• Group V perceived the cover girl more negatively (Bad, false, foolish, unsuccessful, powerless, unimportant, and a hard creature), and wrote short and negative essays about their perceptions of the cover girl’s personality
  • Group T perceived the cover girl more positively (good, kind, true, successful, soft, wise, powerful and important) and wrote lengthy essays with the most positive assertions and defended cover girl’s personality.
  • Picture of the cover girls designed to the specifications of the romance-confession market transforms the impressions created by the supercharged verbal context of the cover (p. 438).
  • Effects of verbal context on her image are subtle.  When the verbal context was absent, the girl’s success rating went up the most (p. 438).
  • Mass media content reflects, in ways both explicit and implicit, the imprint of concrete circumstances of its production (p. 439).
  • The dominant cover girl image appeals to society as a representative heroine who overcomes the surrounding negative verbal context that shares her cover space.
  • Art-editors conceive of the romance-confession cover girls as a projection of the readers’ self-image.  Her function on the cover appears to be analogous to the inside heroine’s function of identification.  The editorial prescription calls for a heroine who may be outwardly plain and sinful, but not unsympathetic. (p. 440).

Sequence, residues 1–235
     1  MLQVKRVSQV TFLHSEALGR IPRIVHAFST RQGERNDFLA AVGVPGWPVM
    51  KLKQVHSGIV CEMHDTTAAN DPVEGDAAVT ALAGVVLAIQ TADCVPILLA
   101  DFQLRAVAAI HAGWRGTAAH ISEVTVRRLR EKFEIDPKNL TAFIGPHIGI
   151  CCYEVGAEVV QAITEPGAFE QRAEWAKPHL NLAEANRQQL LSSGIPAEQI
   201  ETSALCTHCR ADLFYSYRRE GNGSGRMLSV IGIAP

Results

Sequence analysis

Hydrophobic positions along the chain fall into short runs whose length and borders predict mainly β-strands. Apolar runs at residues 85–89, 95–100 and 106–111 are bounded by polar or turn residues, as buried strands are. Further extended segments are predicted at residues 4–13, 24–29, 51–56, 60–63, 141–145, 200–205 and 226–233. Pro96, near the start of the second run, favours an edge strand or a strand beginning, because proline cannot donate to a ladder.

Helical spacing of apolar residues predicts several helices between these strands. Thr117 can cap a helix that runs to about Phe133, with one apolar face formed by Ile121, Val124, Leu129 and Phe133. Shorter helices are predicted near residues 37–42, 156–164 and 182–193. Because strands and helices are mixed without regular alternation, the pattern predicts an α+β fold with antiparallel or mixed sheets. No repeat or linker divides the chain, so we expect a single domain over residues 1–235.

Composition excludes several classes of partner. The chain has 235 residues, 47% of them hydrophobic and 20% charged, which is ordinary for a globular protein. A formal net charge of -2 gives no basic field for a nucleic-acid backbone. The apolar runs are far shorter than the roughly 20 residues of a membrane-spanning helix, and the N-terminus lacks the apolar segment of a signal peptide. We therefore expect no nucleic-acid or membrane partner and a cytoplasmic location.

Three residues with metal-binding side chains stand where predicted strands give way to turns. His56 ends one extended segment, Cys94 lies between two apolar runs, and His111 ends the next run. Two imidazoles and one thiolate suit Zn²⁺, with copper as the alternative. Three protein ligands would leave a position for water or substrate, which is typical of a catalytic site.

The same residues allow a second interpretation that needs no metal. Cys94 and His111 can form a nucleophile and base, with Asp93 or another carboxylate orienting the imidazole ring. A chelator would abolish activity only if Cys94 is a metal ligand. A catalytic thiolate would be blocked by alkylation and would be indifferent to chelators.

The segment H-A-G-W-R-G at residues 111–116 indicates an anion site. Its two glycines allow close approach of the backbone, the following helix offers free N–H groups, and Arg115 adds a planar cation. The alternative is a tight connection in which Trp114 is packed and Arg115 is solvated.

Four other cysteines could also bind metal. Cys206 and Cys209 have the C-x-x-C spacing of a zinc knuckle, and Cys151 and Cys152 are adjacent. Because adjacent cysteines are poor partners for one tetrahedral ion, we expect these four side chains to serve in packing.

61. The State of Communication Research from Public Opinion Quarterly (1959) by Bernard Berelson (p. 440)
  • Communication research is withering/dying
  • Past research stems from 4 major approaches
  1. Political approach - Lasswell
    1. Base - Broad politico-historical approach; concern with power
    2. Propositions:
      1. Propaganda pushes the intensity of the situation to extremes: facilitates catharsis  if interest is low, and precipitates crisis if interest is high.
      2. Political symbols circulating among the power holder correspond more closely to the power facts than do symbols presented to the domain.
  2. Sample survey approach - Lazarsfeld
    1. Base - Social psychology moving toward sociology
    2. Propositions:
      1. People tend to expose to communications whose content is congenial to their predispositions.
      2. Communication exposure “pushes” people to a decision, but mainly in line with their latent attitudes
  3. Small-groups approach - Lewis
    1. Base - Experimental psychology moving toward social psychology